[Beowulf] SPEC CPU 2006 released

Robert G. Brown rgb at phy.duke.edu
Sat Aug 26 08:43:42 EDT 2006


On Sat, 26 Aug 2006, Vincent Diepeveen wrote:

> Find me 1 site that 'tests' hardware that's objective. Spec is the best 
> compromise.

I don't know about site testing hardware, but there are many objective
hardware tests on sites.  In particular, lmbench is an excellent and
unbiased toolset (in my personal belief, having communicated fairly
extensively with Larry and Carl, knowing e.g. that Linus uses lmbench
routinely to test and tune the linux kernel).  benchmaster (my own
microbenchmark suite, ex. cpu_rate) isn't finished, really, but it is
definitely objective.  netpipe is quite objective.  I've never heard
bonnie accused of being biased.  Stream is objective, and damn simple
code at that.  I really dunno about the new code being developed for
top500 testing, but I do trust to SOME extent the folks developing it --
the bias if any will be in that it is focussed on HPC and perhaps
certain classes of code WITHIN HPC.

Macro benchmarks are much tougher, as they are really in the category of
"is this program "like" my program" for the component(s) of the suite or
tool.  They also tend to be relatively "rich" code environments, where
compilers are tested as much or more than just the hardware.  This is
always true, I supposed, but it makes it difficult to separate
comparative analysis of different hardware from the compiler even when
the same compiler is used, especially across architectures.  Leaving
aside the issue of whether or not one SHOULD try to differentiate
compiler from the hardware.  Microbenchmarks are probably better for
that purpose as in many cases the core code fragments they time are
small enough that there isn't that much variation in their assembler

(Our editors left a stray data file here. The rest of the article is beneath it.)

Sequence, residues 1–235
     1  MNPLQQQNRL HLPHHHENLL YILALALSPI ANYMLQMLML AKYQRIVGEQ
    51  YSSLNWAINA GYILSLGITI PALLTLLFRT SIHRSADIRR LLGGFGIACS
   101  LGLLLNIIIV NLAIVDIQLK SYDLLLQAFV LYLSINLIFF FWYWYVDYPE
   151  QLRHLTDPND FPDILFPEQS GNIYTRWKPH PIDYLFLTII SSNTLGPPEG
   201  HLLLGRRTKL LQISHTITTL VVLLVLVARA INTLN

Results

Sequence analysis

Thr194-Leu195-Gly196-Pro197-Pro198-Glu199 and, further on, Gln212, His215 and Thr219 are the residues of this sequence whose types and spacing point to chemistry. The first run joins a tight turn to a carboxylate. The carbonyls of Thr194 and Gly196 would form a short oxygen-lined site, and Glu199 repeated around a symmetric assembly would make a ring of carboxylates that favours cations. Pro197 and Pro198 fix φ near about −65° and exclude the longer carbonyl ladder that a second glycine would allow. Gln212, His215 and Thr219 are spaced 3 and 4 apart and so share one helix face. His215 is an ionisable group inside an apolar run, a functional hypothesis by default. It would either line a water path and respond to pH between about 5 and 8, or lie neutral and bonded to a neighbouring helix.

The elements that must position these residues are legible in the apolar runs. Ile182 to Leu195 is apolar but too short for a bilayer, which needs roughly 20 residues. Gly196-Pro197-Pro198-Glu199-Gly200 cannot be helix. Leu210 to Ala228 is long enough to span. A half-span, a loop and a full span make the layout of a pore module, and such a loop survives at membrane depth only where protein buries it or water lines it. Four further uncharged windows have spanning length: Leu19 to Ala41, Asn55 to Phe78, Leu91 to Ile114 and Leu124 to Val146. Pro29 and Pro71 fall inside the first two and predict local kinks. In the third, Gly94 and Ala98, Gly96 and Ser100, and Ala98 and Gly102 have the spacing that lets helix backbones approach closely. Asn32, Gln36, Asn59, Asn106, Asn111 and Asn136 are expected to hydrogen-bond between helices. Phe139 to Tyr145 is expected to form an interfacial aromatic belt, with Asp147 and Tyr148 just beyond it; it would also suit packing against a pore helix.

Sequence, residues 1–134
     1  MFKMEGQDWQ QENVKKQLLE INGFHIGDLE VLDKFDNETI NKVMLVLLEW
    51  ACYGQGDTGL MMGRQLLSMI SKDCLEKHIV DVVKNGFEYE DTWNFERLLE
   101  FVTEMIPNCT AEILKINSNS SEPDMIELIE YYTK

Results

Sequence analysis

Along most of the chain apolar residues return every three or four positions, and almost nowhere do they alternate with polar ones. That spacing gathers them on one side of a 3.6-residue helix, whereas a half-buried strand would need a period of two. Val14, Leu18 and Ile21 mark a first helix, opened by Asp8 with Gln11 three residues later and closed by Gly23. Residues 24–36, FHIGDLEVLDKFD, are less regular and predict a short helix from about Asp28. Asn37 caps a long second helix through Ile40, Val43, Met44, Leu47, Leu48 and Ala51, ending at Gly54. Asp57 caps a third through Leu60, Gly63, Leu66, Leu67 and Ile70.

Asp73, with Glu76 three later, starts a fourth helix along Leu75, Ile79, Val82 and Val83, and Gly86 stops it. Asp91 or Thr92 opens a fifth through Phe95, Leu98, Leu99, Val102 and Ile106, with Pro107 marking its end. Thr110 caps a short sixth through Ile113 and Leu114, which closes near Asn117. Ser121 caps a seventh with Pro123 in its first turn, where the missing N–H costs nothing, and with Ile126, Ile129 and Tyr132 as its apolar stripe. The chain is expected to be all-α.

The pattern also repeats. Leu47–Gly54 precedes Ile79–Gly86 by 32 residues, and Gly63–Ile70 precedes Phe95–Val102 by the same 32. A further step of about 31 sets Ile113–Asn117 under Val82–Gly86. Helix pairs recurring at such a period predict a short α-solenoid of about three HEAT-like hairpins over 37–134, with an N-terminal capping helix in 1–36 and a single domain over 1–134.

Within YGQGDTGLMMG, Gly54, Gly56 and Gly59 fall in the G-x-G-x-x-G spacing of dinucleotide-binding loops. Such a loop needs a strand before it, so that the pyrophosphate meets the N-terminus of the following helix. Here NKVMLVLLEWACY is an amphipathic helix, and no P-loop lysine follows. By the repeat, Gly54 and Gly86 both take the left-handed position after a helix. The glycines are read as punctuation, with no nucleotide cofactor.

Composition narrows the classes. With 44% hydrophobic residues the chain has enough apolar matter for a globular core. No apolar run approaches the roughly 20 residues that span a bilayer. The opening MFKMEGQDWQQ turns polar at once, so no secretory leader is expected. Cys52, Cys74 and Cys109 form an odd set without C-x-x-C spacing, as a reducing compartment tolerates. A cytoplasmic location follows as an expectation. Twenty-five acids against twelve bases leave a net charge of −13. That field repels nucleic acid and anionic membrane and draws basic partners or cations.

implementation, at any rate.

I am a longstanding, fairly passionate advocate of totally open (GPL)
benchmarking code.  I was one of the folks who talked John into opening
up lmbench and liberalizing its fairly restrictive original license,
pointing out that the synergy obtained by freeing the code was of
greater importance than the control he was trying to maintain to prevent
vendor abuse.  In the end, I don't think anyone has abused lmbench in
part because it has never become a major marketing tool (unlike certain
other benchmark suites I can name).

One of the things that has LONG irritated me is that SPEC isn't open
source, isn't extensible, isn't freely available.  I'm certain that
there are reasons for this -- they could even be "good" reasons.  That
doesn't mean I have to like it, or think that the world doesn't need a
truly open alternative.  However, this needs at least one human to "own"
the project of creating the alternative.  I myself cannot do it -- I
already own a languishing microbenchmark suite, a cluster monitoring
toolset, a random number tester, and an XML-based flashcard presentation
program, and none of them get enough attention as it is.  If somebody
DID put one together and own it, though, I'd contribute, help, clap
loudly, cheer.

    rgb

>
>
> Vincent
>
>
> ----- Original Message ----- From: "Geoff Jacobs" <gdjacobs at gmail.com>
> To: <beowulf at beowulf.org>
> Sent: Friday, August 25, 2006 9:01 PM
> Subject: Re: [Beowulf] SPEC CPU 2006 released
>
>
>> Mark Hahn wrote:
>>>> The new SPEC cpu suite has been released, and initial results
>>>> are posted to:
>>> 
>>> is this one still stupidly not open-source?
>> 
>> I don't think SPEC has any open source benchmarks.
>> 
>> As far as I can tell, SPEC groups derive income by licensing their
>> benchmarks to integrators and such (although I know SpecViewPerf is free
>> to use). I would think they also have issues with proprietary 3rd party
>> software within their benchmarks.
>> 
>> I think they could be supported in the same manner as OSDL, but they are
>> not, so no open source from SPEC.
>> 
>> -- 
>> Geoffrey D. Jacobs
>> 
>> Go to the Chinese Restaurant,
>> Order the Special
>> 
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-- 
Robert G. Brown	                       http://www.phy.duke.edu/~rgb/
Duke University Dept. of Physics, Box 90305
Durham, N.C. 27708-0305
Phone: 1-919-660-2567  Fax: 919-660-2525     email:rgb at phy.duke.edu


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